Monday, December 19, 2011

The Christmas Experience in Song and Story


It may come as a surprise, but there are actually three Christmases. The first, treated previously, reviewed the religious celebration of Christmas as it was adapted to the needs of America in the 19th century.
The second, described here, concerns the cultural celebration of the Christmas season in art, music, books and films.
The third is the shameful consumerism that pervades the period between Thanksgiving and New Year’s.

Santa Claus
St. Nicholas was a real person about whom we know very little. He has become the most beloved nonbiblical saint in the history of the Christian religion. Noted for his generosity, he was the bishop of Myra (in present-day Turkey) in the fourth century. There is no real connection between St. Nicholas and Christmas. He died on December 6, and that date became his feast day in the Church.
It was Washington Irving, the first internationally known American author, who gave us a word-picture of St. Nicholas. Irving described him in his 1809 comic Knickerbocker’s History of New York as wearing a broad-brimmed hat, a clay pipe and a huge pair of Flemish “trunk-hose.” He also flew over trees in a horse-drawn wagon and slid down chimneys to deliver gifts. Without Washington Irving there would be no Santa Claus.
Another development in the creation of the image of Santa Claus came with the poem popularly called "The Night before Christmas" attributed to Clement Clark Moore and first published anonymously in the Troy, N.Y. Sentinel in 1823. Accounts vary about the circumstances of this publication. One claim was that someone copied the poem from Moore’s album and submitted it unsigned to the newspaper, after which it was widely reprinted.
However, the family of Revolutionary War veteran Henry Livingston, Jr., maintains that he wrote the poem. Moore never claimed authorship until nine years after Livingston’s death in 1828 (in an 1837 anthology of poems by various authors). Descendants and scholars on both sides still argue about its authorship.
Cartoonist and illustrator Thomas Nast next put his stamp on the image of Santa Claus. Nast had invented the Republican elephant and the Democratic donkey as political party symbols. He added other details to the Santa mythology, including his North Pole toy-making workshop with elves as his assistants, letters from children, massive ledgers to record children’s names and the practice of leaving snacks for Santa on Christmas Eve.

Greeting Cards
The first true commercial Christmas card did not make its appearance until 1843. Designed by John Calcott Horsley for Henry Cole, it was printed in London and hand colored by an artist named Mason. The Horsley-Cole card is considered a forerunner of modern Christmas cards in that it leaves little room for personalization by the sender. It anticipates a new commercial awareness of the commercialization of Christmas and the need to recognize a wider circle of friends and family members.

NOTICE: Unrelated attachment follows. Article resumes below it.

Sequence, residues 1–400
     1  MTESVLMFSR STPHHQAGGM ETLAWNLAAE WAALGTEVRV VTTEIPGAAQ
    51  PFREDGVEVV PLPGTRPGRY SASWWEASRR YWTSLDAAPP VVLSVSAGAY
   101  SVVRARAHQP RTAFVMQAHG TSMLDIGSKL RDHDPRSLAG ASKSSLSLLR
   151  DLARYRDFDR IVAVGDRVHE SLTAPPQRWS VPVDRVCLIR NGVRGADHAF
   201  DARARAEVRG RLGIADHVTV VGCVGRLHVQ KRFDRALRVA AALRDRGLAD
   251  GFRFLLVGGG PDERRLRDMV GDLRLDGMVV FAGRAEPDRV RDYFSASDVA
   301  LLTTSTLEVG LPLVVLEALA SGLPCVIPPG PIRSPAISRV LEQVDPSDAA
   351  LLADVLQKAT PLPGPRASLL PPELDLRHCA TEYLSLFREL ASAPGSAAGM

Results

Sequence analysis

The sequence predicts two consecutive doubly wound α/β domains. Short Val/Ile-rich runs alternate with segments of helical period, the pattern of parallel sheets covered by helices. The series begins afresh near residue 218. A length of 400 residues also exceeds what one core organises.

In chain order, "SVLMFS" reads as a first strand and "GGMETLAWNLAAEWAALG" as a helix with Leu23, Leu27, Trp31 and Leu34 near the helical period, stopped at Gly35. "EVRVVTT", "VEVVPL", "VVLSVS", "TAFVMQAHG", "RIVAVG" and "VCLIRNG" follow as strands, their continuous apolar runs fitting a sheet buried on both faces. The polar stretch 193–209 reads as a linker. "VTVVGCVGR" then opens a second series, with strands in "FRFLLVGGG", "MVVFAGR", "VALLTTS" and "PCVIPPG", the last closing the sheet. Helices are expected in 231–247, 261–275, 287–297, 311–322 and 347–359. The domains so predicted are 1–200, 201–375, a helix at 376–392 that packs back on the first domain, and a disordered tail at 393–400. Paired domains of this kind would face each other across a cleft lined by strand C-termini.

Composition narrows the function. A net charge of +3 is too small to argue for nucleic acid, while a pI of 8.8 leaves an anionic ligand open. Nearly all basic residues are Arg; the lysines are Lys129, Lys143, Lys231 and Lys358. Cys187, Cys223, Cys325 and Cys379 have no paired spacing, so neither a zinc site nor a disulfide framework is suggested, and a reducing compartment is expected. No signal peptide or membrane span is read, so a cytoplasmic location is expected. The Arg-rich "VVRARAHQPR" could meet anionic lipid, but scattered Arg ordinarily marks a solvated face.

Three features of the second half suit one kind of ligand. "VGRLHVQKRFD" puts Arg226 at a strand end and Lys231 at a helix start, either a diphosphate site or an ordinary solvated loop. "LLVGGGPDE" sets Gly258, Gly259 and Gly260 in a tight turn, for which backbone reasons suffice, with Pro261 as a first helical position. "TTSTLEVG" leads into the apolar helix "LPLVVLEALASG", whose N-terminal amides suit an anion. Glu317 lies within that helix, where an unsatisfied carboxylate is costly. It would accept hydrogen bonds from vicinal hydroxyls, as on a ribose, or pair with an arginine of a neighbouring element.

R.H. Pease, engraver, lithographer and variety store proprietor in Albany, N.Y., distributed the first American-made Christmas card in the early 1850s, but the practice of exchanging cards did not immediately catch on in the U.S. The few cards sent usually were imported from England.
American indifference to cards was eventually overcome by Louis Prang, a German-born immigrant. The 24-year-old Prang left Germany after the 1848 revolution and established himself in Boston, setting up a lithographic business with Julius Mayer in 1856.
Prang introduced his Christmas greeting cards in 1875using well-known American painters and illustrators to produce original works of art for his cards. Prang cards were such a hit he could not keep up with the demand. He increased his work force and was soon selling more than five million cards annually.
Prang's cards sparked intense competition from British and German manufacturers. By the 1890s, German greeting cards dominated the trade, and Louis Prang withdrew from the greeting card business. Between 1900 and 1910, most of the major American greeting card companies were established. The modern American greeting card was born in the studios of Rust Craft, Hallmark, Gibson and Norcross.

Dickens’s A Christmas Carol
Although Charles Dickens included Christmas incidents in his Pickwick Papers and Sketches by Boz, nothing he wrote compared to the success of his 1843 A Christmas Carol. Dickens made two trips to the United States. On his second trip, a three-month tour in 1867, he presented dramatic readings of his classic Christmas story. In Boston, 10,000 tickets were sold weeks before his appearance, people stood in the cold all night long and in New York to buy tickets.
Dickens’s enduring novella extolled the virtues of brotherhood, kindness and generosity at Christmas, but it also reveals an illuminating picture of Christmas in England, where it was a common practice for businesses and shops to remain open on Christmas Day.

Christmas Music
Music heard at Christmas time can be divided into three categories: The first includes traditional hymns, many composed in medieval times. A second group includes Christmas carols. Among the popular carol favorites are such standbys as "Joy to the World," "O Little Town of Bethlehem," "It Came upon a Midnight Clear” and "Silent Night."
Three days before Christmas in 1952 playwright George S. Kaufman learned a bitter lesson from an injudicious comment about a Christmas carol. He opened the panel show “This is Show Business" by suggesting, "Let's make this one program on which nobody sings 'Silent Night.'" The CBS switchboard quickly lit up with hundreds of calls protesting his “irreligious remark.” The sponsor, the American Tobacco Company, fired Kaufman.